The success of the Columbia County project encouraged Wyoming County to implement its own customized BES program for key public buildings. The improvements — including upgrading HVAC systems and integrating building automation and PC management systems — will lower Wyoming County’s utility costs by an average of 33%, including an impressive 49% savings for the County’s Courthouse.

For more details on Wyoming County’s energy efficiency efforts, read the complete press release.

New Tenant-Focused Legislation to Accelerate Efficiency in Commercial Buildings

August 4, 2015 by

Congress has paved the way to take U.S. building efficiency to a whole new level. They have passed the Energy Efficiency Improvement Act of 2015, a bipartisan bill that most notably directs the U.S. Environmental Protection Agency (EPA) and the U.S. Department of Energy (DOE) to create a tenant-focused version of the successful ENERGY STAR building efficiency program.

tenant plug loadAccording to a recent Greenbiz article, the new initiative, which gives EPA the option of calling the new program Tenant Star, is being hailed by a wide range of industry stakeholders as the next great tool for driving energy savings in commercial buildings.

Tenant leased spaces typically represent 50% or more of a building’s overall energy use, presenting often overlooked energy savings opportunities. To unlock the market potential and reduce the estimated $20B spent annually on commercial office buildings’ energy use, a comprehensive building efficiency program is essential. Tenant Star would complement the widely recognized whole building ENERGY STAR label and address often overlooked energy savings in leased spaces through cooperation between commercial building owners and operators and tenants.

ENERGY STAR is already helping more than 400,000 commercial building measure, track, assess, and report their energy and water use and as of 2012, a program benchmark showed an average of 7% of whole building energy savings over a period of three years.

But as owners become more sophisticated about managing energy use in their buildings, they are finding that tenant’s plug and process loads — from refrigerators, computers, printers, and other tenant space items — are becoming the fastest-growing category of energy use in office buildings today. So while owners are investing millions to have high-performing buildings, tenant and occupant behavior may be off-setting the savings and undoing all their good work!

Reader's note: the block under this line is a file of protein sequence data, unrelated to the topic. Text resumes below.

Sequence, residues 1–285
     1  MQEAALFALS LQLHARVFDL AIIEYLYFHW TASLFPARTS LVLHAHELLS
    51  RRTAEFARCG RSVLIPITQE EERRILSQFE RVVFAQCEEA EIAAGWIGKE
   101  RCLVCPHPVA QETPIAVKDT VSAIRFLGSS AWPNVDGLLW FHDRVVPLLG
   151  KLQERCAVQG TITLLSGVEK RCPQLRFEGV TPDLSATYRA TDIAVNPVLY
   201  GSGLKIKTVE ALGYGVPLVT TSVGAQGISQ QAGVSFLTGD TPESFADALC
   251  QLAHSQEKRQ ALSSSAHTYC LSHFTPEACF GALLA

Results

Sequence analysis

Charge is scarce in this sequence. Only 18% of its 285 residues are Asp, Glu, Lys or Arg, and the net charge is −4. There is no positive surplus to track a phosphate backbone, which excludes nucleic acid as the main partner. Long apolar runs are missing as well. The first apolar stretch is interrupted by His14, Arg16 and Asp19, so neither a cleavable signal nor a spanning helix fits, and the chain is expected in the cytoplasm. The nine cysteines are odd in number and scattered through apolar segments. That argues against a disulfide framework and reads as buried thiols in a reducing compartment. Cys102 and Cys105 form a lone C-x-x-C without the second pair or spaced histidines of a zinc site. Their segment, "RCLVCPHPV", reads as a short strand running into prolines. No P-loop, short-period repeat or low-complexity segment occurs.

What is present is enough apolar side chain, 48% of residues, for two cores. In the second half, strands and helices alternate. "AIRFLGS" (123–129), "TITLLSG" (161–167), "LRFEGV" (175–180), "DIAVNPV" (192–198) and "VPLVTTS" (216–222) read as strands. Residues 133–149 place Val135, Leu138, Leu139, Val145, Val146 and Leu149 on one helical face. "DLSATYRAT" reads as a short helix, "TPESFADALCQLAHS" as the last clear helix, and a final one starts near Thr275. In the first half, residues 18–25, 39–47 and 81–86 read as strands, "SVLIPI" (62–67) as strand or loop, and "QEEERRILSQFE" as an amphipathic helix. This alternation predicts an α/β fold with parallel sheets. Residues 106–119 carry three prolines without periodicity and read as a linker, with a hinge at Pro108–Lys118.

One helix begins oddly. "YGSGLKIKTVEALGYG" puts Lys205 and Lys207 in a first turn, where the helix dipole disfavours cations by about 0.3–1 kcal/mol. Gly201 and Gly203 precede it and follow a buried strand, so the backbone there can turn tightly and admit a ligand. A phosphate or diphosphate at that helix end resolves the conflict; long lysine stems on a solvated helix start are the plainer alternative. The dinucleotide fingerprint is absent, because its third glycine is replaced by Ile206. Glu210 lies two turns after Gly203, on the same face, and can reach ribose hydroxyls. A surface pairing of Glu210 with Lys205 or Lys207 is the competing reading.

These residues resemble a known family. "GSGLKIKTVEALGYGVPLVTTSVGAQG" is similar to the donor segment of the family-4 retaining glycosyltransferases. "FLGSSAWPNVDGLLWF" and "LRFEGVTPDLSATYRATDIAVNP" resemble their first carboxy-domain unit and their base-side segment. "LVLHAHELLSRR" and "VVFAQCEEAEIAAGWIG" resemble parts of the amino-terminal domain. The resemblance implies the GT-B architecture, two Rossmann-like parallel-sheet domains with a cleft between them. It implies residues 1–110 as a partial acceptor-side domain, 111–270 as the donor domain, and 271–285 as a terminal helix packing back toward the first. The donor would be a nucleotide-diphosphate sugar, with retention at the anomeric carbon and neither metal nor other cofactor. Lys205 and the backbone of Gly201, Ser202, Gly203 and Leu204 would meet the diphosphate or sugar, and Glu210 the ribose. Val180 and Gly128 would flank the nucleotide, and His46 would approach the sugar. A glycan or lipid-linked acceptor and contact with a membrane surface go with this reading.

The proposed Tenant Star program could help secure owner investments by providing a federally funded engagement platform to present to prospective tenants. According to the article, the program’s savings potential is staggering. Based on the amount of leased office space in the U.S. and their plug loads, just a 15% savings in tenant spaces could be worth almost a billion dollars in avoided energy costs.

While the bill has paved the way for this new program, it didn’t actually provide any funding, so there is a long road ahead for Tenant Star to be launched. And there are other issues as well, including accurate energy usage data sourcing for the new program as the vast majority of leased office spaces are not sub- or separately metered. However, there are potential solutions for all the obstacles, but realizing the program and its benefits will require sustained effort over time.

But the potential of this proposed program is huge — it could cut utility bills for landlords and tenants by an estimated $2B by 2030 and reduce carbon emissions by nearly 12M metric tons! Some leading owners and managers already understand this and have solid tenant engagement programs in place. But for many owners and managers, the establishment of Tenant Star could provide greater motivation for them to develop a tenant engagement plan that tackles reducing energy use.

For more details on the new Energy Efficiency Improvement Act and the Tenant Star program, check out the complete Greenbiz.com article.

Organizations Recognized for Cutting Parking Facility Energy Use

July 25, 2015 by